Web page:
The Significance of Place in John Muir's Wilderness Writings

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Ryan Howard Garrett Hutson


John Muir was a prominent figure in the North American conservation movement who advocated for the preservation of wilderness throughout his life. Muir’s writings depict a wealth of assigned values to some of North America’s most wild places. The topic of “place” is one area of contemporary research that can be applied to Muir’s writings on wilderness to examine how his ideas might hold currency in modern times. It is from a conceptual framework of place that this study responds to the following research questions through a qualitative approach utilizing text analysis: What are the connections and disconnections between Muir’s writings on wilderness and contemporary place attachment literature? How might contemporary place attachment literature benefit from John Muir’s writings? Results of this study highlight the historical and contemporary importance within Muir’s writings on preserving and exploring wilderness areas to encourage place attachment. Implications are discussed.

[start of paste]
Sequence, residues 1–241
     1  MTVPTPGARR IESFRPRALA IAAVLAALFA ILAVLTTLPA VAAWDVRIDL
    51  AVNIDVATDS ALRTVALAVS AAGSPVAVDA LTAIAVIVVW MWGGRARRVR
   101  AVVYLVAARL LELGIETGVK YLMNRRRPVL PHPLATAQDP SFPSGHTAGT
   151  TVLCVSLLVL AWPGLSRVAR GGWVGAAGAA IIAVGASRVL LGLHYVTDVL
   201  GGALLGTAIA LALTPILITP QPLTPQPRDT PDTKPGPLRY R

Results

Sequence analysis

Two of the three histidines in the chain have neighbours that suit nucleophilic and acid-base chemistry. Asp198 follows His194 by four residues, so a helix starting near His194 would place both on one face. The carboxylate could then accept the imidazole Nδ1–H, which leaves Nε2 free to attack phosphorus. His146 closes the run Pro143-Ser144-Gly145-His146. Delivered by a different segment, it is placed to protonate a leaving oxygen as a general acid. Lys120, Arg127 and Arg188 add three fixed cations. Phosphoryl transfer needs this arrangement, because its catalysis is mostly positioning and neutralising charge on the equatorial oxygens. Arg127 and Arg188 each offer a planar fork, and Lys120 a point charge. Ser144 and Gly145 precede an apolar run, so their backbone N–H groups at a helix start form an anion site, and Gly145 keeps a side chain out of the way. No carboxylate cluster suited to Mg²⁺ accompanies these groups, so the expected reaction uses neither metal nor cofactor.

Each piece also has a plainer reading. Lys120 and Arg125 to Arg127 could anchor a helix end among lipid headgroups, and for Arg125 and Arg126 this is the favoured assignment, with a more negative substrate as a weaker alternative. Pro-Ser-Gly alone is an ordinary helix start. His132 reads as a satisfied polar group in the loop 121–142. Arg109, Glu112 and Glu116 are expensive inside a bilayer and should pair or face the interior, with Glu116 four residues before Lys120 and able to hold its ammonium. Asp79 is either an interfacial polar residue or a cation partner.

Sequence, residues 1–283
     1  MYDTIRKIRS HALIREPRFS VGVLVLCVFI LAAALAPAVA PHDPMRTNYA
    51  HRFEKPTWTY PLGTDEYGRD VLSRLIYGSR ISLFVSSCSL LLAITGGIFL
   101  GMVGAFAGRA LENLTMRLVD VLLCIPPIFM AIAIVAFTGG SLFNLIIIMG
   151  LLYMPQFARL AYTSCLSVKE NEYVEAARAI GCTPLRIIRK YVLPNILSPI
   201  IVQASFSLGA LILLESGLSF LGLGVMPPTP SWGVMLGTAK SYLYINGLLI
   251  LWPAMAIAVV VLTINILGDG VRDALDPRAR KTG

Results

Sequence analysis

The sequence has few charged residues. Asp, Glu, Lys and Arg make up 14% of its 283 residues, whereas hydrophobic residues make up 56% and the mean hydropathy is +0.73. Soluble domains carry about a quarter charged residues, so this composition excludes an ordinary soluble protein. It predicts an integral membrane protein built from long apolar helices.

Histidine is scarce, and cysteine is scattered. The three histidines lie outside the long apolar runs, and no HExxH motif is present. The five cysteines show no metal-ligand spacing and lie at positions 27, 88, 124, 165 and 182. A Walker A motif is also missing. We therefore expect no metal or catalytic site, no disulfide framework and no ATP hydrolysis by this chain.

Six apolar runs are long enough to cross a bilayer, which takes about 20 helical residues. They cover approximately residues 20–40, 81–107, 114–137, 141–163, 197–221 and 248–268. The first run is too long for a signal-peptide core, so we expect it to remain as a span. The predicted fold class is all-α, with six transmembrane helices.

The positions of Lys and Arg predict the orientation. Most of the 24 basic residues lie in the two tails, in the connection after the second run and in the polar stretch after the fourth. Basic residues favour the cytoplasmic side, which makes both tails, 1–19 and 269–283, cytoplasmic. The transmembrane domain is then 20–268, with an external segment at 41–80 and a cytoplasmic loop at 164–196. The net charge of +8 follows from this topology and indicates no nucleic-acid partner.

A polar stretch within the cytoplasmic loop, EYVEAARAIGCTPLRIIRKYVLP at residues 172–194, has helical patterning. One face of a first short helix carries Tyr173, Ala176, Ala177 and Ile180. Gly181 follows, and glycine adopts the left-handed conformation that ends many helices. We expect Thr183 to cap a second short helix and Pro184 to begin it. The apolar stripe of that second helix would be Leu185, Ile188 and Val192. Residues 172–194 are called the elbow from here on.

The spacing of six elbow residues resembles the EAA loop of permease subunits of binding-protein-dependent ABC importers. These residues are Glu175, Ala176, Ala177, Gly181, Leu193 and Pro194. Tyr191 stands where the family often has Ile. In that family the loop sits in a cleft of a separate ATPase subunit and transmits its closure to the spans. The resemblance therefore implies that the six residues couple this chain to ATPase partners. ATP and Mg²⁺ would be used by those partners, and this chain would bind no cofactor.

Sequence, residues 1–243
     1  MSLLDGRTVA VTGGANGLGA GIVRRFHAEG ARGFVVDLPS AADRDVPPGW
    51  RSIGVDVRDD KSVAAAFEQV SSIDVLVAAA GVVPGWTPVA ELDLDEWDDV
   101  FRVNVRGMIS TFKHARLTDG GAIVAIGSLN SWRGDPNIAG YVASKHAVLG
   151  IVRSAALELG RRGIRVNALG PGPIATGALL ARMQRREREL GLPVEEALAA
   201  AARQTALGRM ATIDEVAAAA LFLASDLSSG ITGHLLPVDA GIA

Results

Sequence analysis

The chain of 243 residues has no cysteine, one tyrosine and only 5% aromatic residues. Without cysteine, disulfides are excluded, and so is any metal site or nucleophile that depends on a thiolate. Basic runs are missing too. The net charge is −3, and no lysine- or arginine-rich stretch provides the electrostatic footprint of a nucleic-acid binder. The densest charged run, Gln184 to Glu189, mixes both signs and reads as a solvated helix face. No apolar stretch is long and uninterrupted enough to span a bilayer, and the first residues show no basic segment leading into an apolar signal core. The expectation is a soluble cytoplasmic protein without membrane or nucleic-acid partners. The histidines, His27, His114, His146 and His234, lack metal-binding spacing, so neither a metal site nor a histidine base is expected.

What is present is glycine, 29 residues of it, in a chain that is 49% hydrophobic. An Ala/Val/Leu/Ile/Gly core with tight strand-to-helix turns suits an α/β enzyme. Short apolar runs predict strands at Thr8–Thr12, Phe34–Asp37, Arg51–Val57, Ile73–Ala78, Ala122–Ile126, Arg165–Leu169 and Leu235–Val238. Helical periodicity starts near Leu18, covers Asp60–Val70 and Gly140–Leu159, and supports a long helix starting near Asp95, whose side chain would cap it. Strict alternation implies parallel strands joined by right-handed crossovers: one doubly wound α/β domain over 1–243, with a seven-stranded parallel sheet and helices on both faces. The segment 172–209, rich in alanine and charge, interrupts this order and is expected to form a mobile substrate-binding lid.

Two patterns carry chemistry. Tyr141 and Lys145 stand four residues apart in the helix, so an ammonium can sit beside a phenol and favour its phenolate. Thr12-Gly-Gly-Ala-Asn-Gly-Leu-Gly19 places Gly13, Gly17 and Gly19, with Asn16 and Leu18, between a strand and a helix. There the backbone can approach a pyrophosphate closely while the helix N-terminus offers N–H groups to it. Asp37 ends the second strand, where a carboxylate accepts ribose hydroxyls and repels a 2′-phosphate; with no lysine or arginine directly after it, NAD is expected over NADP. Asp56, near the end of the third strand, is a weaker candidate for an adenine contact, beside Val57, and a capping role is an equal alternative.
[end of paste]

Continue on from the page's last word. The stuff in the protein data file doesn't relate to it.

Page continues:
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Research Briefs
Author Biographies

Ryan Howard, Brock University

3rd Year Doctoral Candidate, Department of Recreation and Leisure Studies

Past Reviewer of Illuminare Articles

Garrett Hutson, Brock University

Associate Professor

Department of Recreation and Leisure Studies